Etchison said he did not know of federal prosecutions locally that specifically involved Hawaiian baby woodrose seeds or kratom. Cmdr. Eric Brown of the Fairfield-Hocking Major Crimes Unit called the plants a new side to the traditional drug trade. A spokesman for the Ohio State Board of Pharmacy, which helped in the Oncore Wholesale investigation, called kratom “an emerging drug of concern” in the state.
Among head shops on High Street from the Short North to the University District, none reported selling Hawaiian baby woodrose seeds. There appears to be some confusion about whether kratom can be sold.
The Joint, at 1186 N. High St., sells kratom, said a man behind the counter who declined to give his name. “It is legal to sell,” he said, adding that the store used to buy it from Oncore Wholesale.
Puff N Stuff, at 1652 N. High St., does not sell it, said a man behind the counter who also declined to give his name. “I stay away from that stuff. I just don’t want the hassle. I just stay with pipes. It’s a fine-line business. You have to be careful about what you have in the store."
Eddie Mustafa, who owns and manages High Up Water Pipes at 1434 N. High St., said he decided against carrying kratom.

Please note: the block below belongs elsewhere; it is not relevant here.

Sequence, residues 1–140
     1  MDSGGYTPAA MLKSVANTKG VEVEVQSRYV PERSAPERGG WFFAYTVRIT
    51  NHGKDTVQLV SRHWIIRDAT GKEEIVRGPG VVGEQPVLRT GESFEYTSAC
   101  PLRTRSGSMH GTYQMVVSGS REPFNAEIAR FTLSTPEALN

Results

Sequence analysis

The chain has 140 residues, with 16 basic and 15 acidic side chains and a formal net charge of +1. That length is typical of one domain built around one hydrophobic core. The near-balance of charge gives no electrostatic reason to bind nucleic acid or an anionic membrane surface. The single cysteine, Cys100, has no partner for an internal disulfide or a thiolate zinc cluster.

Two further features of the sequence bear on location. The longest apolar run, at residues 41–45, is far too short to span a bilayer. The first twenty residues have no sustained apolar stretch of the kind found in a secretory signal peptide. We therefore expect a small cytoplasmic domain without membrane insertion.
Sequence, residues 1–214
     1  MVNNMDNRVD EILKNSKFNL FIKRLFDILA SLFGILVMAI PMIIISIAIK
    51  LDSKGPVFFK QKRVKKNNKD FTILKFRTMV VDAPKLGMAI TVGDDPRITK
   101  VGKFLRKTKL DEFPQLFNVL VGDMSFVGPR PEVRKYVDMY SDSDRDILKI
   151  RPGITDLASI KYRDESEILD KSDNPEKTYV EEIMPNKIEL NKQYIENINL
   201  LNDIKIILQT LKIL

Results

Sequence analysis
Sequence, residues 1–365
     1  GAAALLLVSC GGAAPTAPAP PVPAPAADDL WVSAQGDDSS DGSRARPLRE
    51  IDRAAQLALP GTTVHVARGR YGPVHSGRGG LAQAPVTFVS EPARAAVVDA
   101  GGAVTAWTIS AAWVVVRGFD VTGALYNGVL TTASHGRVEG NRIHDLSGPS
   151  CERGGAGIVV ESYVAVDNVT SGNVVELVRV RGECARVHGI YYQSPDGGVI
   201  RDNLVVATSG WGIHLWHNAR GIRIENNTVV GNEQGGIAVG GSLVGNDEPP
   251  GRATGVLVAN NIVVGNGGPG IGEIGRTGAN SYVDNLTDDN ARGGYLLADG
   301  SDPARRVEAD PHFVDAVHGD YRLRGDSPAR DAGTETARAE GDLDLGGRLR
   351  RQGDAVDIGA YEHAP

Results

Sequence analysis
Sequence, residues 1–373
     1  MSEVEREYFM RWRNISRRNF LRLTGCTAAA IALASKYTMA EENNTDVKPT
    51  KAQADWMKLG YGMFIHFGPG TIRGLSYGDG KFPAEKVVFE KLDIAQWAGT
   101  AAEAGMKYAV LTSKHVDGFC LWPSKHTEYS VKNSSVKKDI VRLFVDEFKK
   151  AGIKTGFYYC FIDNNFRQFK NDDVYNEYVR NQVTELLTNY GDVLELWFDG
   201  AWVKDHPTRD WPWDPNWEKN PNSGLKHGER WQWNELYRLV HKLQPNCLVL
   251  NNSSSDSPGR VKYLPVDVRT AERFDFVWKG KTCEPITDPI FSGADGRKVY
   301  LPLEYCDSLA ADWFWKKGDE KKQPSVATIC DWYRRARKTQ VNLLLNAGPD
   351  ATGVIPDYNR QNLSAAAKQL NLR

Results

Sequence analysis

“I heard it was a gray area” legally, he said. “We focus on glass pipes and accessories to smoke tobacco.”
Still, Mustafa said he frequently gets sales pitches from wholesalers who want to sell his store their kratom products.
“At least once a week, I receive a phone call from different vendors on the East and West coasts who say, ‘It’s legal, no worries.’ You can’t believe everything you hear.”
As the case moves forward, Mr. Surratt continues to operate Oncore Wholesale. He closed his Violet Township warehouse after being informed by township officials that zoning rules prohibit him from running any business in his residential area.
The business currently operates from a warehouse in Groveport.
Fairfield-Hocking Major Crime Unit investigators said Mr. Surratt can continue to operate his business as long as he sells only legal items. That is what he is doing, as far as they know.
Mary Beth Lane - The Columbus Dispatch, Ohio (MCT)